Champion says their filter is made with high-strength filter media, helping it weather harsh driving conditions and longer change intervals. In fact, they claim it’s ideal for OE recommended change intervals up to 12,000 miles when paired with synthetic oil.

Pros/Long life, plays well with synthetics
Cons/Frightening lack of reviews
Bottom Line/It's another filter

From time to time, TTAC will highlight automotive products we think may be of interest to our community. Plus, posts like this help to keep the lights on around here. Learn more about how this works.

(Editor’s note: This post is meant to both help you be an informed shopper for automotive products but also to pay for our ‘90s sedan shopping habits operating expenses. Some of you don’t find these posts fun, but they help pay for Junkyard Finds, Rare Rides, Piston Slaps, and whatever else. Thanks for reading.)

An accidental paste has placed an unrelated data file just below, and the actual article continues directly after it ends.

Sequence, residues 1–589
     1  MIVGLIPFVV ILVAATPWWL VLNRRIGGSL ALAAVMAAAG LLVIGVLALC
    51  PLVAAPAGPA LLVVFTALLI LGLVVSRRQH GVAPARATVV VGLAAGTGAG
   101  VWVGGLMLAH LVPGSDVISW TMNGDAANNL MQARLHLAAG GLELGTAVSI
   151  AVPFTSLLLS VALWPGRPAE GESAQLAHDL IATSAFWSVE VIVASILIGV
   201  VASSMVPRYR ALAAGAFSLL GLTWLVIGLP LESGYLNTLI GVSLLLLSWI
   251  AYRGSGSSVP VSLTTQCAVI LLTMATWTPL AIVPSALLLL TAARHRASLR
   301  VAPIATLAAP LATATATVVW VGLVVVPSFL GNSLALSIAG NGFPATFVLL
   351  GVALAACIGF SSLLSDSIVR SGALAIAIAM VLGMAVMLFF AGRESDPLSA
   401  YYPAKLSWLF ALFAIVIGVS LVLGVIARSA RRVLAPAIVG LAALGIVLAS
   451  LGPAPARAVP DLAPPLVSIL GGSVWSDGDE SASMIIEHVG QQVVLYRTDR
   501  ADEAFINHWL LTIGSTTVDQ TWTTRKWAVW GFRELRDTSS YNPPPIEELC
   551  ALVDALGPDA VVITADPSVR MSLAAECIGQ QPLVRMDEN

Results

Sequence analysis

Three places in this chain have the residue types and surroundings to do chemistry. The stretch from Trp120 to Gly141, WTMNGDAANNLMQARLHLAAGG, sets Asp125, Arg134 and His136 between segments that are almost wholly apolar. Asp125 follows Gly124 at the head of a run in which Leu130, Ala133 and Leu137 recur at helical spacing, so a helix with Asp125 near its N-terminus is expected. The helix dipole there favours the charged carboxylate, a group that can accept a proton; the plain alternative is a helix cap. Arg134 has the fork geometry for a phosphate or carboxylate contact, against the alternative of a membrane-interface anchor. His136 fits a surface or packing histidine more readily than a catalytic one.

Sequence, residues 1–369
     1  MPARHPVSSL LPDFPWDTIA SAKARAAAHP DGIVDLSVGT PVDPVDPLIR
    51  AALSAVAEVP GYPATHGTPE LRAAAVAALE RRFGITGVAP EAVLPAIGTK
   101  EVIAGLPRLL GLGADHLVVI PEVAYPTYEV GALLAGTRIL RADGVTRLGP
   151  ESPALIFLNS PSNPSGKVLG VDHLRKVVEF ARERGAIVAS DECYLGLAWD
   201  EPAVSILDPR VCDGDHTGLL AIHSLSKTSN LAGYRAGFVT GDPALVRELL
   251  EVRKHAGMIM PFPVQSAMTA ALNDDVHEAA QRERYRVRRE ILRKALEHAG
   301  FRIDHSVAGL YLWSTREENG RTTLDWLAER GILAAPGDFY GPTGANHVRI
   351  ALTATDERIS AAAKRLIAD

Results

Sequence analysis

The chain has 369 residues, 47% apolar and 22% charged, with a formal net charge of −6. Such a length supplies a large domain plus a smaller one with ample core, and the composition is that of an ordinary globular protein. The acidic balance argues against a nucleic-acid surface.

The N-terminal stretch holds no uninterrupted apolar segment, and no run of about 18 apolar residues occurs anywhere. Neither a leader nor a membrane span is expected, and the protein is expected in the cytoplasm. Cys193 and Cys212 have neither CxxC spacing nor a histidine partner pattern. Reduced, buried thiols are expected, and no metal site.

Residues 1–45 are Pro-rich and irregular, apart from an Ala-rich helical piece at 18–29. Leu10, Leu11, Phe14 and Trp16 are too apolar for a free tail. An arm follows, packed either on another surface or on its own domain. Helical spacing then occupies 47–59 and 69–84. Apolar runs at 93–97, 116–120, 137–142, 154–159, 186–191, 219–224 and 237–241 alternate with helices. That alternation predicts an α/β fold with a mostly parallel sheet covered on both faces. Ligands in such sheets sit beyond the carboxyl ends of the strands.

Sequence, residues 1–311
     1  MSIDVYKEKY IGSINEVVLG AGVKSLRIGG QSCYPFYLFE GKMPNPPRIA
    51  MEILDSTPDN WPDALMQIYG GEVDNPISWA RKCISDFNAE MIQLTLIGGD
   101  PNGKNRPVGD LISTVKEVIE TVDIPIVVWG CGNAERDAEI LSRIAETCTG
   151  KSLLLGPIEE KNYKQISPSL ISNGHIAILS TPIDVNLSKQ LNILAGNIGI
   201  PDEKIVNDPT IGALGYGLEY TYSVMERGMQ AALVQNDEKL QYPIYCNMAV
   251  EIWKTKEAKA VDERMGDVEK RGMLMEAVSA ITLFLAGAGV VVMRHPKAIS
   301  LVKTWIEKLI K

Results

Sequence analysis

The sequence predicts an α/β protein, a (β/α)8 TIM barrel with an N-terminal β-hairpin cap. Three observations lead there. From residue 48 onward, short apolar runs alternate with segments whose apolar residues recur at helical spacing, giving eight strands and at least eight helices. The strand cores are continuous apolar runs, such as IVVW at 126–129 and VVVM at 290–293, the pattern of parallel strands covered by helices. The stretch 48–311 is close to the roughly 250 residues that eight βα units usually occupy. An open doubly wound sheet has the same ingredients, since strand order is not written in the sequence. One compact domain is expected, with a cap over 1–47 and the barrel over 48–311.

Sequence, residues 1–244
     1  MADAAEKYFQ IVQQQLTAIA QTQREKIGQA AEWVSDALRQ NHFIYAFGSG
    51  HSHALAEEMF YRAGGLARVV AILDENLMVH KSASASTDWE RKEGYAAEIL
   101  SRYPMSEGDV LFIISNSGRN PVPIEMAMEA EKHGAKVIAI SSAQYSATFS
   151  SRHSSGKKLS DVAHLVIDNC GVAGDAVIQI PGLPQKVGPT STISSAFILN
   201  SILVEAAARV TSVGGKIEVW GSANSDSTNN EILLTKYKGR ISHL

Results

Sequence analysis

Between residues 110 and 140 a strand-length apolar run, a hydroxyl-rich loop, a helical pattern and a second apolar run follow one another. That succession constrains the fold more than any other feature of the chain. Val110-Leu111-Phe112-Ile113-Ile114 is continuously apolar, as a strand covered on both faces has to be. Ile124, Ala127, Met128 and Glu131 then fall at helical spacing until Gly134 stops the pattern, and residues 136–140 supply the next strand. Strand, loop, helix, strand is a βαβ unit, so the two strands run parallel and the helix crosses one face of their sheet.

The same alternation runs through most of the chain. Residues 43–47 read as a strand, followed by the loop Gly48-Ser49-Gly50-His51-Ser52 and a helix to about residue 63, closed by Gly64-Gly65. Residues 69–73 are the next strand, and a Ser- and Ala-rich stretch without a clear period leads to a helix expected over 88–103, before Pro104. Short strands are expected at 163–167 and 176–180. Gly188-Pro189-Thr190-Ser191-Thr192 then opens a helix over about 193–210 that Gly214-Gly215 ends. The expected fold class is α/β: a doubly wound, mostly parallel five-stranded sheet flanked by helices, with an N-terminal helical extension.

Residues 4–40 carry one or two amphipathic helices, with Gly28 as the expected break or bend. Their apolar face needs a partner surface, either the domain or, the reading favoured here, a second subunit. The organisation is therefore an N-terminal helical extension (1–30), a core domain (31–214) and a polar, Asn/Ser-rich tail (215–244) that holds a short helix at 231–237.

[Main photo credit: Paman Aheri / Shutterstock.com. Product images provided by the manufacturer.]

35 Comments on “Engine Protections: Best Oil Filters...”


  • avatar
    woodywrkng

    You forgot one. https://www.toiletpaperoilfilter.com/thetoiletpaperoilfiltercompany.html

  • avatar
    Don Mynack

    Pretty sure that Honda filter is actually made by Fram. Could be a Filtech though. Motorcraft filters are made by Purolator. What I’m saying is that they are all the same.

    • 0 avatar
      Scoutdude

      While there are only a couple of manufacturers they are not all the same. It is true that if you put the same grade Wix branded filter next to the same grade Napa filter you’ll find them the same. However if you look at the 3 different grades from Napa you’ll see they are different.